You're very welcome! Enjoy your blog a lot. :)

Best wishes,
Laura

4:59 PM  
Blogger Jacqueline T Lynch said...

Thank you for the link. I'm also very interested in seeing "The King's Speech." Pleased it got a good review.

5:07 AM  
Blogger Raquelle said...

Thank you so much for the link. I was secretly hoping that you would add it to your post.

I only just subscribed to Lou Lumenick's blog so I missed that quote. I hate it when people place ideas and notions on time periods that they don't understand!

I've been reading a lot about Amazon and the tax stuff because I work in the book business. I love that Amazon is tax free especially since in MA sales tax went up from 0.05% to 0.065%. I like buying discounted items AND not paying tax. However, Amazon.com is one big bully. Whenever a state makes Amazon.com charge their residents tax, Amazon immediately cuts off all Affiliates from that state. That's a lot of business that lose business because Amazon cut them off. Eek. I'm very conflicted by this!

9:00 AM  
Blogger Laura said...

You're welcome, Jacqueline. :)

Hope THE KING'S SPEECH is as good as advertised!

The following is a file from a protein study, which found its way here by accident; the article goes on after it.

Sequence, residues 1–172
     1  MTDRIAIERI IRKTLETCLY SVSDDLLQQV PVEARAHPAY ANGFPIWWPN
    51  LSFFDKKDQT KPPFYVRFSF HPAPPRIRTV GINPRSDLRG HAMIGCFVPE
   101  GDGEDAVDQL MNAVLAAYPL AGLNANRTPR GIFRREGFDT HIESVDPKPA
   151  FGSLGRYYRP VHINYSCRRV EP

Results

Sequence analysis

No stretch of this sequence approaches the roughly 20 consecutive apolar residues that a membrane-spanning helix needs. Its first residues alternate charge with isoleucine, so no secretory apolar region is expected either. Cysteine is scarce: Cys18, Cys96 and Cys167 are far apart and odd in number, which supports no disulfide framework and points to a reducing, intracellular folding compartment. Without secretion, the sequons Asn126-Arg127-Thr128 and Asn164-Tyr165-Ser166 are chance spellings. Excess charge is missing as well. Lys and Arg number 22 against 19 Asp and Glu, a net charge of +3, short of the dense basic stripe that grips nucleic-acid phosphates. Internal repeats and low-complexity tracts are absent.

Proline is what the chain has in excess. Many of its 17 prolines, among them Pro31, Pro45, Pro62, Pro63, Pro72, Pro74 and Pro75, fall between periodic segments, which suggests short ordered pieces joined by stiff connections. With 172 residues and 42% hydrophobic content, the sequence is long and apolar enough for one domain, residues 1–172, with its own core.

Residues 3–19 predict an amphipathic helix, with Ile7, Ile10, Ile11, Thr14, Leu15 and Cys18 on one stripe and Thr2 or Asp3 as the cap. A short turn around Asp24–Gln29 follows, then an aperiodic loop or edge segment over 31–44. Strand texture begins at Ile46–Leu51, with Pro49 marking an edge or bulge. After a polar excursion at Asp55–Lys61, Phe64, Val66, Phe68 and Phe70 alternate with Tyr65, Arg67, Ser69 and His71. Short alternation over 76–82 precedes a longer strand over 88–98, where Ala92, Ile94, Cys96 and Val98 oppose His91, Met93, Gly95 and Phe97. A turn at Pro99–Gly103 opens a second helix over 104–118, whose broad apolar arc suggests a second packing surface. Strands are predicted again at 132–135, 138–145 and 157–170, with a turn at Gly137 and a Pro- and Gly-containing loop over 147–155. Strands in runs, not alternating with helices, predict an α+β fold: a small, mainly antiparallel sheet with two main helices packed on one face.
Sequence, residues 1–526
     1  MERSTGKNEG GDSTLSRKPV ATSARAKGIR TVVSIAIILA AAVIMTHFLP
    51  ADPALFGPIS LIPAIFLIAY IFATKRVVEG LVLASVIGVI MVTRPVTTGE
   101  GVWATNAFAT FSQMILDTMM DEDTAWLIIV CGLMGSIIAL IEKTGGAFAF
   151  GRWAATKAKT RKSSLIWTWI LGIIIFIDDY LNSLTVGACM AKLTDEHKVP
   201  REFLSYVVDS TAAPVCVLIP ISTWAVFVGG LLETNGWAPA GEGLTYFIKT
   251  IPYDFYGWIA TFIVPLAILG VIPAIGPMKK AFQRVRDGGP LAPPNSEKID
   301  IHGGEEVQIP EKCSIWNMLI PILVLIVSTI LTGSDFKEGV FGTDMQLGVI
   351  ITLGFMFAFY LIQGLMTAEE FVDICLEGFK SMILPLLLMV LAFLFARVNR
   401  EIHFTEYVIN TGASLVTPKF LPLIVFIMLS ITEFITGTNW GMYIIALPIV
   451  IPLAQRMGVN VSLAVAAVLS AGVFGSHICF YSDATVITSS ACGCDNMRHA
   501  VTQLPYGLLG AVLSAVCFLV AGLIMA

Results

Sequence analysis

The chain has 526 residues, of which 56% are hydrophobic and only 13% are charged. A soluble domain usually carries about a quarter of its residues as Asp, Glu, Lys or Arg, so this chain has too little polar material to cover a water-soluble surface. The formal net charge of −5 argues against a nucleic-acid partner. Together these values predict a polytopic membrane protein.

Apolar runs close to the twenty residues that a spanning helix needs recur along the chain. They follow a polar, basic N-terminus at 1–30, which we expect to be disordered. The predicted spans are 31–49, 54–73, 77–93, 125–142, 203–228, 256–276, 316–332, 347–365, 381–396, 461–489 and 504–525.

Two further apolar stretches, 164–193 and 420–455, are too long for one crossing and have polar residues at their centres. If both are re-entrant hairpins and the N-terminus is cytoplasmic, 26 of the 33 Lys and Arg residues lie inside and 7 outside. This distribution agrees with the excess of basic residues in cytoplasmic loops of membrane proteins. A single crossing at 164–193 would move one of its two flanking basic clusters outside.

Best wishes,
Laura

9:43 AM  
Blogger Laura said...

Hi Raquelle! Really enjoyed your post. The set looks gorgeous -- your video showing it off was a unique fun touch!

Here in CA the sales tax in my county is 8.75% -- and in L.A. County it's 9.75%. I believe we have the highest sales tax rates in the nation. It really makes you think twice about making a local purchase when you realize the "real" price is nearly 10% higher!

I agree that the situation some Amazon affiliates find themselves in is extremely difficult, and I certainly feel sympathy for those businesses which have been negatively impacted by the situation. Amazon's position, which I have sympathy with, is that it's the states which are ultimately responsible for Amazon having to "pull the plug," in order to preserve the tax situation for all Amazon customers as it currently exists.